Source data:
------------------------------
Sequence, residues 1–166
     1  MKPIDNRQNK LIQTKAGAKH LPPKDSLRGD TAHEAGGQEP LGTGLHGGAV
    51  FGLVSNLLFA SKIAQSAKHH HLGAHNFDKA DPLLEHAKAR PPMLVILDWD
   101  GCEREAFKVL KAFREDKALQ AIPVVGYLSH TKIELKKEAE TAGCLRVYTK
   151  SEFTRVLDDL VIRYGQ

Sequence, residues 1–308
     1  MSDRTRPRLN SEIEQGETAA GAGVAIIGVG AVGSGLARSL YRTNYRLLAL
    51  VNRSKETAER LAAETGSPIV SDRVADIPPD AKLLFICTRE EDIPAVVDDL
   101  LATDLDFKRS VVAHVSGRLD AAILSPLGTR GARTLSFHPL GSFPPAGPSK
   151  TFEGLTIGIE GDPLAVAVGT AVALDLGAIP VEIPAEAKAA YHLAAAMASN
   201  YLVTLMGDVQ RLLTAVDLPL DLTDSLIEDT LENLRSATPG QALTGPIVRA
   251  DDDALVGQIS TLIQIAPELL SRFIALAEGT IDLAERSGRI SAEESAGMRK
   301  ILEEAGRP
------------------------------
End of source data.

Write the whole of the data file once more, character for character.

Sequence, residues 1–166
     1  MKPIDNRQNK LIQTKAGAKH LPPKDSLRGD TAHEAGGQEP LGTGLHGGAV
    51  FGLVSNLLFA SKIAQSAKHH HLGAHNFDKA DPLLEHAKAR PPMLVILDWD
   101  GCEREAFKVL KAFREDKALQ AIPVVGYLSH TKIELKKEAE TAGCLRVYTK
   151  SEFTRVLDDL VIRYGQ

Sequence, residues 1–308
     1  MSDRTRPRLN SEIEQGETAA GAGVAIIGVG AVGSGLARSL YRTNYRLLAL
    51  VNRSKETAER LAAETGSPIV SDRVADIPPD AKLLFICTRE EDIPAVVDDL
   101  LATDLDFKRS VVAHVSGRLD AAILSPLGTR GARTLSFHPL GSFPPAGPSK
   151  TFEGLTIGIE GDPLAVAVGT AVALDLGAIP VEIPAEAKAA YHLAAAMASN
   201  YLVTLMGDVQ RLLTAVDLPL DLTDSLIEDT LENLRSATPG QALTGPIVRA
   251  DDDALVGQIS TLIQIAPELL SRFIALAEGT IDLAERSGRI SAEESAGMRK
   301  ILEEAGRP